However, Dr. Nissola, says it is more likely to be a COVID-related sore throat if there are more symptoms, such as fever and malaise.

A good rule of thumb: If your sore throat is also accompanied with fever or cough, be suspicious. If your sore throat comes after an episode of heartburn likely its related to reflux. If it is accompanied by sino-nasal congestion, runny nose, and sneezing, it may be allergies, says Dr. Husain.

When Is It Time To See A Doctor

What to do if you have coronavirus symptoms: A doctor ...

It can be hard to know if your sore throat is strep-related or a part of COVID. In any case, if youre worried you may have COVID or strep, it is definitely time to see your doctor. Strep throat is more common in children typically, but if one person has it, its highly infectious and may spread. Its a good idea to seek medical care, where your doctor can examine, diagnose, and test for these illnessesand then provide treatment.

A simple rapid strep test or throat culture can determine if you have the disease. Your doctor cant make a guess that you have strep, but should back up the diagnosis with testing. A swab of the throat that is sent to the lab can confirm the diagnosis. The treatment for strep is with antibiotics to heal the infection.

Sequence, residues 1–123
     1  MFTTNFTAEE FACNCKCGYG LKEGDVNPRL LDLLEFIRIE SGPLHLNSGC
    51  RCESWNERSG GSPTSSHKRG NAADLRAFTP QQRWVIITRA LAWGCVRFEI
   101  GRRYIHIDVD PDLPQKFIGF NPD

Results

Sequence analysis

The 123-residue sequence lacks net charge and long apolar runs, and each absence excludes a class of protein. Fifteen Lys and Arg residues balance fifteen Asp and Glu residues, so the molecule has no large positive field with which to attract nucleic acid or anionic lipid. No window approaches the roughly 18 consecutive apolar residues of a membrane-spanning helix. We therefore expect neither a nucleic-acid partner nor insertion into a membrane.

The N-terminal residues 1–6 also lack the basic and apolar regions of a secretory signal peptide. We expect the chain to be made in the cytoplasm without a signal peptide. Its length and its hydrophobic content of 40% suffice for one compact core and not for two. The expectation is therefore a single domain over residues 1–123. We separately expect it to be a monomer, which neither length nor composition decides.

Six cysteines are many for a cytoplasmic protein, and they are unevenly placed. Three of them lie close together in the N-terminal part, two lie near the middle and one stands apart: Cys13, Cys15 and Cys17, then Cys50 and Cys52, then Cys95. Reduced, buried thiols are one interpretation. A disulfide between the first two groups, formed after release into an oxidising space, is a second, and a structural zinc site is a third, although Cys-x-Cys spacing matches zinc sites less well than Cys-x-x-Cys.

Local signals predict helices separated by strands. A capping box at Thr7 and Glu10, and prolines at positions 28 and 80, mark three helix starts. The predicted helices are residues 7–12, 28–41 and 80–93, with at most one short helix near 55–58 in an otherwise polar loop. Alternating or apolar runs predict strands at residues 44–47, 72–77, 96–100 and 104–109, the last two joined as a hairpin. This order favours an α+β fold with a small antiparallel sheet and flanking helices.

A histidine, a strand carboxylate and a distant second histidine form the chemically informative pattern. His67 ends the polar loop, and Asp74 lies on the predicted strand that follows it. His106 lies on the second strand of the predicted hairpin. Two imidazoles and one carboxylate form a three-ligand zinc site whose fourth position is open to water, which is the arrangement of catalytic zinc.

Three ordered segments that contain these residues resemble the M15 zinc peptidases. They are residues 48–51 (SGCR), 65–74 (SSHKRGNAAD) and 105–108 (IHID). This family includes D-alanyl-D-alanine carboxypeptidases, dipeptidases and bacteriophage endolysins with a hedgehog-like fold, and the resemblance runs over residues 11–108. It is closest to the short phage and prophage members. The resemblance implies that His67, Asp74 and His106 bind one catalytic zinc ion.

To test for COVID, doctors will use a long swap to take a nose or throat sample. Like strep, the samples are sent to the lab for diagnosis. Unlike strep, there is currently no cure for COVID-19.

If your symptoms worsen for either illness, you may also need to seek emergency medical care, particularly if youre having trouble breathing, which is one of the biggest issues that put COVID patients in the hospital. Some of the urgent warning signs for COVID-19 include:

  • Trouble breathing
  • Persistent pain or pressure in the chest
  • Confusion or the inability to stay awake
  • Blue face or lips

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Sore Throat And Fever In Child Home Remedies:

Here are some home remedies for your child to relieve a sore throat:

  • Use warm liquid
  • Smoke candy and throat lozenges
  • Take ibuprofen or acetaminophen as needed.
  • Keep your children home rest is best.
  • Add cold steam or a humidifier to your child’s room.
  • Keep your children Hydrate by encouraging them to drink as much as possible.
  • Use honey

The above home remedies are general for children but cannot be given to kids of all ages. Some remedies should not be used for children under four years. Here are some more guidelines regarding children’s age.